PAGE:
MOST READ TRAVEL
Men’s Grooming Essentials for Grown-Up Routines
A full-body approach to skincare and grooming, from LED light therapy to the the...
Remarkable Wines in NYC and a Taste of Spain at Home
Plus, fried chicken in Vancouver, green-tomato carpaccio upstate, and a sublime...
Even if Canada isn't your home and native land, there are more than enough reasons to visit. In addition to boasting the world’s longest coastline and largest number of lakes, the country has a fast-growing culinary scene, a well-preserved history, and an astonishingly friendly culture. Read on for why you should book a trip as soon as possible.
Since 1885, Canada’s National Park system has grown to include more than 40 different entities. While that number may not seem impressive, consider that the national park system makes up about three percent of Canada’s entire landmass. From the impressive Banff, the snowboarding destination in Alberta that is also the nation’s first national park, to Quttinirpaaq, one of the northernmost places in the country, the diversity of Canada’s national parks means that you can spend a lifetime exploring them all.
It's More Affordable
The currency conversion rate is one very practical reason for Americans to visit: The Canadian dollar is now worth about 75 cents stateside. Splurge on luxury hotels, indulge in fine cuisine, and know that you’re paying less for these experiences than you would back home.
Canada’s bilingual system is fascinating to watch in action, particularly in the Quebec province. A visit to Montreal or Quebec City might feel more like a trip to Europe than anywhere else: About 7.3 million people (or 80 percent of Quebec) claim French as their first language to this day.
Canadian cuisine is finally getting the recognition it deserves—and yes, there’s more to it than maple syrup and poutine. The country's growing food scene takes inspiration from indigenous foraging techniques and borrows from the culture of modern immigrants, like those from Syria. Some of the most exciting places to dine right now include Canoe in Toronto (for dishes like rabbit or fresh Atlantic lobster) and Toqué in Montreal (for an elevated seven-course tasting menu centered on Quebecois classics).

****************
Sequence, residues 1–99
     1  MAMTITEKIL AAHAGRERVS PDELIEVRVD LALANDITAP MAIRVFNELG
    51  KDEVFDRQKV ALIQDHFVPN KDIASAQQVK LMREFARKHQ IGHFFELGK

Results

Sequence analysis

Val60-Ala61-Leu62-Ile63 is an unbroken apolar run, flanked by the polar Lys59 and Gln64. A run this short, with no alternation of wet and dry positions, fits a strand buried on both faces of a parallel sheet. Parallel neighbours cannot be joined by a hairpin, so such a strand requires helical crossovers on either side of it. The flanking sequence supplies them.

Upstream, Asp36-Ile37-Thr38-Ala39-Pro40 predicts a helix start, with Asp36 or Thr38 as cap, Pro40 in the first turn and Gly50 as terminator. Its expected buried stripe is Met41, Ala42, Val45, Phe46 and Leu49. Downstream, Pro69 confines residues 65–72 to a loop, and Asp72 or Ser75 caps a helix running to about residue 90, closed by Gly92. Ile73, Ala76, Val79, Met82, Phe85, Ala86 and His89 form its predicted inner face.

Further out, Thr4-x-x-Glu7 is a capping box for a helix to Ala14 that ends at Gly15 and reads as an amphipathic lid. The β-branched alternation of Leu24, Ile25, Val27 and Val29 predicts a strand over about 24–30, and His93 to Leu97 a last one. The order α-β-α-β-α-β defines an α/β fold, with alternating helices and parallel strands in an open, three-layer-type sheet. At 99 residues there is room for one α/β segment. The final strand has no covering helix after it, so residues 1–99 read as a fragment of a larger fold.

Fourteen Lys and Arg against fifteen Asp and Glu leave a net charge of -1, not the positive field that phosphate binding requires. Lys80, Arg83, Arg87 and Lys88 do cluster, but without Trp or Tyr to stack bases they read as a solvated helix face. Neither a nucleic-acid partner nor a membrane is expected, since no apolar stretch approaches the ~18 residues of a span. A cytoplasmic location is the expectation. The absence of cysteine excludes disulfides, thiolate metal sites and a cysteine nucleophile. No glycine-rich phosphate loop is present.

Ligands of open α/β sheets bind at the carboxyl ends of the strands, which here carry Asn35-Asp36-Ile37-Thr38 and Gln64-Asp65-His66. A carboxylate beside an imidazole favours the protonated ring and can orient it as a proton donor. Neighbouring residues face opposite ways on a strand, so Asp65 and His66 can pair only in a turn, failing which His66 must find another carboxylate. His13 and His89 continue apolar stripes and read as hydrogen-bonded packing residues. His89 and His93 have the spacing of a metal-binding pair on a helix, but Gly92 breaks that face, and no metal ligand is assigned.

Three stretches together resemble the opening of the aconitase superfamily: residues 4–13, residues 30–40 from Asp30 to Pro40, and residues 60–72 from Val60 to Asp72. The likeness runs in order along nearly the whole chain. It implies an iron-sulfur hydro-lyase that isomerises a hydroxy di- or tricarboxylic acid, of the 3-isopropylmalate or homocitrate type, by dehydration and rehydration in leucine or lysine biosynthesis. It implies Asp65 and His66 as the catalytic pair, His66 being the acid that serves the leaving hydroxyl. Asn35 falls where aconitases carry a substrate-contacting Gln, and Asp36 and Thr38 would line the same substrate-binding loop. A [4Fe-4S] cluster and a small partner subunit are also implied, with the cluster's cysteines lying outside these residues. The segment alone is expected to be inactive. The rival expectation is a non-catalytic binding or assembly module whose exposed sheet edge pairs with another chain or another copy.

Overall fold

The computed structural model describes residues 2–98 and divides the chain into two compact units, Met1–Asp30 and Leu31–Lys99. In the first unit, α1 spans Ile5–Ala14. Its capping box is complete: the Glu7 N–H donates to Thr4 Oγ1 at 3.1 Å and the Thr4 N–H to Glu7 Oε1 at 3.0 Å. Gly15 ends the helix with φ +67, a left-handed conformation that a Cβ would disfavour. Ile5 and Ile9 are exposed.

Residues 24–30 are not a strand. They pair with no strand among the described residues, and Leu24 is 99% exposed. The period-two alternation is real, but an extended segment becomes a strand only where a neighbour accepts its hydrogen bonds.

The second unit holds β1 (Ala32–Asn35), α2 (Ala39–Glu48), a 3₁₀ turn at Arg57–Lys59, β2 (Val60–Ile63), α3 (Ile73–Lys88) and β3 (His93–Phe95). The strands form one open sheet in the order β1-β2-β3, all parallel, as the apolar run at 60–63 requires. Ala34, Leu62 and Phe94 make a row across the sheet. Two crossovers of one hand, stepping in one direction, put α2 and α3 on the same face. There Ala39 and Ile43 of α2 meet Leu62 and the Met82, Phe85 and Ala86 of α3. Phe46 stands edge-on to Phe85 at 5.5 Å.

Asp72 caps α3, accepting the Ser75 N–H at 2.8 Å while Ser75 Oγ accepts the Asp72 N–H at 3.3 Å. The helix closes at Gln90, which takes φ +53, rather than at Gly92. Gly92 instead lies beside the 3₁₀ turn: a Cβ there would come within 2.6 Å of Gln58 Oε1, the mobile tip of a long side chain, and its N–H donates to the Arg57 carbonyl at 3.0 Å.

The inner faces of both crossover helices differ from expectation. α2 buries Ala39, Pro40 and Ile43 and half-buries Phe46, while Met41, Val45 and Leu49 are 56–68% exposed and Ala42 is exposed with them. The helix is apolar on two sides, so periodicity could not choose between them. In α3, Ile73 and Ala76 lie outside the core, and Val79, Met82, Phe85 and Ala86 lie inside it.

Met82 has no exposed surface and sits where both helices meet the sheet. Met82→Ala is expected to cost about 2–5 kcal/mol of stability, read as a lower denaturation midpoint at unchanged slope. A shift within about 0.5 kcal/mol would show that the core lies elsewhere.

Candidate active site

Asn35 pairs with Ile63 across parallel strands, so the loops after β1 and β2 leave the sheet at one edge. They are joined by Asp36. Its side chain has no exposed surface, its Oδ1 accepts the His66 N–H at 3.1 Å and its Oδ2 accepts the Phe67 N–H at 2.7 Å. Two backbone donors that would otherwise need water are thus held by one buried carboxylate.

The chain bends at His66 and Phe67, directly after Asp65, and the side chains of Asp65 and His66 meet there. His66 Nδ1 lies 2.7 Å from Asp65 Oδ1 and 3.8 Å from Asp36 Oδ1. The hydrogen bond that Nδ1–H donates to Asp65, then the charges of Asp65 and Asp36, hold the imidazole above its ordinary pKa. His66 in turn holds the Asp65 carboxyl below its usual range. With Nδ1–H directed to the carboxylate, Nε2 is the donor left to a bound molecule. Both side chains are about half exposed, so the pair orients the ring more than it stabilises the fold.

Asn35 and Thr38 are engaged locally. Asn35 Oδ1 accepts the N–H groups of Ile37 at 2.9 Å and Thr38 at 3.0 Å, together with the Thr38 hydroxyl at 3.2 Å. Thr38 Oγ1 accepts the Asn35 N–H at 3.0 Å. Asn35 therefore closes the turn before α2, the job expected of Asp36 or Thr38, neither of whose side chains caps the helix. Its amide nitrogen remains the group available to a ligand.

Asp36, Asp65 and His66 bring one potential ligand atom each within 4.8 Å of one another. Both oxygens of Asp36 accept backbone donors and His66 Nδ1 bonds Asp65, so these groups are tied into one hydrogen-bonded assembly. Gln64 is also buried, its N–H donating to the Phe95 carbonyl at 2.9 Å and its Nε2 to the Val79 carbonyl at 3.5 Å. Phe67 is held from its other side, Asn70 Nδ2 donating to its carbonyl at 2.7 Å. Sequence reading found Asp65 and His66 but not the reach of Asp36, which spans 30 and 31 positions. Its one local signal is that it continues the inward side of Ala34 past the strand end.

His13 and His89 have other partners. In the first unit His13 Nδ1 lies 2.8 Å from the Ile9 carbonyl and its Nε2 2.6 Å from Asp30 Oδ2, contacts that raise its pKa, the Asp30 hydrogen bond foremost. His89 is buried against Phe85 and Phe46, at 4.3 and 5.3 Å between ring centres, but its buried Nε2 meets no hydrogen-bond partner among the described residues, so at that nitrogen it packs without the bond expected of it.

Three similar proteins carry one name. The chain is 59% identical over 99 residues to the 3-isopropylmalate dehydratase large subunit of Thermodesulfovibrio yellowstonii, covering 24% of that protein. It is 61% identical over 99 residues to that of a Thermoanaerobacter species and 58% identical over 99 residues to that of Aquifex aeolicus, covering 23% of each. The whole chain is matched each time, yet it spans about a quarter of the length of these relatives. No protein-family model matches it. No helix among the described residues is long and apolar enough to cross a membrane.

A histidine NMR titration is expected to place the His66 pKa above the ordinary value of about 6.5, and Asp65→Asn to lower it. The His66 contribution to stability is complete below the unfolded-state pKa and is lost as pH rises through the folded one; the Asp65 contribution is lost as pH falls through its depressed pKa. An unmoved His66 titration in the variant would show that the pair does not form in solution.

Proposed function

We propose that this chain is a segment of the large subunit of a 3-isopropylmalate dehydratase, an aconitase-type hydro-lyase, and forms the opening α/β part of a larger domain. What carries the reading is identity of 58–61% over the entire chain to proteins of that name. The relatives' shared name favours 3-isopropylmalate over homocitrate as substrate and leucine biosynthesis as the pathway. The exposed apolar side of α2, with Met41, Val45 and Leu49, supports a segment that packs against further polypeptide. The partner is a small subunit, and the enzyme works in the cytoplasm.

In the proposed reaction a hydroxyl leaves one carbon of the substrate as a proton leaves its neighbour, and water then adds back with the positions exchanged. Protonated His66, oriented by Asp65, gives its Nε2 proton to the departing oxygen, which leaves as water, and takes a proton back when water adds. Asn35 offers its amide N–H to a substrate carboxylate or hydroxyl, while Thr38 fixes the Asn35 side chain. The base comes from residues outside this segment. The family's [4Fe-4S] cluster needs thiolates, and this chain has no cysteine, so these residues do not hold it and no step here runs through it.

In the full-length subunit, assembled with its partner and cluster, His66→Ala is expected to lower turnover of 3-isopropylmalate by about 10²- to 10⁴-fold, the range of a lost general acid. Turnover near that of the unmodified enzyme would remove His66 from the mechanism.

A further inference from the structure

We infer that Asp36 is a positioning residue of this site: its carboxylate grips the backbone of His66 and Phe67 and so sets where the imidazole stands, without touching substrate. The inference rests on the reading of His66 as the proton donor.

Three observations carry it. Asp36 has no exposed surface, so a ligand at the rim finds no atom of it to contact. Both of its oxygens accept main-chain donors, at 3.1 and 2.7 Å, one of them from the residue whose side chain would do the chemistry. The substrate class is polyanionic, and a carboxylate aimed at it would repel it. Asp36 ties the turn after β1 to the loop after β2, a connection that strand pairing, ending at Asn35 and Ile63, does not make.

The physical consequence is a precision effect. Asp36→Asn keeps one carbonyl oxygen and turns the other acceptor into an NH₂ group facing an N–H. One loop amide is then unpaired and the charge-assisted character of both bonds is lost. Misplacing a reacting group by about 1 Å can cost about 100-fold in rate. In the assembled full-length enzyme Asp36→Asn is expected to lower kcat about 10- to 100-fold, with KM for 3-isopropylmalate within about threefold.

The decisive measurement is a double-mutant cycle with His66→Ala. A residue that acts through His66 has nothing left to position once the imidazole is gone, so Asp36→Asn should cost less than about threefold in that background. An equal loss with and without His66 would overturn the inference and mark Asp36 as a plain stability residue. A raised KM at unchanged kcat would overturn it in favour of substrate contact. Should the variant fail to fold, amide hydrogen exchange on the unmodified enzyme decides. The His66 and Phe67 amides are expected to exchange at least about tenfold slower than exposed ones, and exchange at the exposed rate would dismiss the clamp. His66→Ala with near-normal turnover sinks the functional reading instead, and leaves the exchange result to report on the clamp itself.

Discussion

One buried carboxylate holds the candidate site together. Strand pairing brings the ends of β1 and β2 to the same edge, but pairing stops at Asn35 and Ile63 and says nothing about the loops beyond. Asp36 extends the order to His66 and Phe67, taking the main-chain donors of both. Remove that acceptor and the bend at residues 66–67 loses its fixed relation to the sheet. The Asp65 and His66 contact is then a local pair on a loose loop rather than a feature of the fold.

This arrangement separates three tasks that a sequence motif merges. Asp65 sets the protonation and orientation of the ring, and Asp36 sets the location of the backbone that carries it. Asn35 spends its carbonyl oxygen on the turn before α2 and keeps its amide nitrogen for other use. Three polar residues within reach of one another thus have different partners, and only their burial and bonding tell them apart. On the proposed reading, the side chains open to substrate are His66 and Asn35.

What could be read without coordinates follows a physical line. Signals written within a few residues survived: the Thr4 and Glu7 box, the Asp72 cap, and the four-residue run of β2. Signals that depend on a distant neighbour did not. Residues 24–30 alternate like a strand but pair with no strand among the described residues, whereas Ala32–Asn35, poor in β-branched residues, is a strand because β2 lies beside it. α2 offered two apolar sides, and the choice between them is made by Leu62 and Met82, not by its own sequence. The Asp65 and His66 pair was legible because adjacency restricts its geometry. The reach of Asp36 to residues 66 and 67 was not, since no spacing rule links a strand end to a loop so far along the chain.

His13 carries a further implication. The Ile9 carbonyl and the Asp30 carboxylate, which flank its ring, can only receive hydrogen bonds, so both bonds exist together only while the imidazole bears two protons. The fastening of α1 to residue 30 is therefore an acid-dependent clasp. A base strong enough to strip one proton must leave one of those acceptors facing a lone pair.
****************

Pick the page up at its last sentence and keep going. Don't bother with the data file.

Some of the world’s finest festivals call Canada home. Every year, the Toronto International Film Festival (TIFF) premieres groundbreaking new films and brings the industry’s biggest names up north. On the other side of the country, the Edmonton Folk Fest brings thousands of people to North Saskatchewan River valley for four days of music. This year’s lineup included heavy-hitters (like The Decemberists and Regina Spektor) alongside exciting up-and-comers like This Is The Kit.
There has never been a better time for thrill-seekers to visit Niagara Falls. Earlier this year, a zipline opened over the Canadian side of the Falls, allowing visitors to experience the mist from 220 feet above the water. The zipline extends 2,200 feet and sends visitors up to 40 miles per hour to their landing over Horseshoe Falls. While the entire experience only lasts about 30 seconds, it’s certainly the most thrilling way to see the natural wonder.
Last year, Canada celebrated its 150th year of independence. But those who wish to explore Canada’s history throughout the ages will find plenty of well-preserved buildings that date back hundreds of years. Visit Old Quebec City (dating back to the 1600s), Inuksuk Point in Nunavut (structures estimated to be 2,000 years old) and Dawson City (preserved from the 1890s Gold Rush in Yukon) for a firsthand look at Canadian history.
Canada claims to have the best spot in the world for viewing the Northern lights. In Yellowknife (Northwest Territories), visitors have a 90 percent chance of seeing the aurora borealis on most nights from mid-November through April. Aurora Village, located just outside of Yellowknife, is the most popular place in Canada for viewing the phenomenon. But don’t be afraid to venture beyond the most popular sites. From Yukon to Nova Scotia, there are plenty of locations where it’s possible to get a glimpse of the lights.
Craft Beer + Wine
Canadian beer is much more than Labatt Blue and Molson. Today, there’s a thriving microbrewery scene for beer fanatics, plus many vintners producing unique wines. For the most variety in terms of beer, make a stop at Bar Hop or the Craft Brasserie, both in Toronto, for the best of what the country has to offer. Wine fanatics should book a trip through the Okanagan Valley or the Niagara region of Ontario.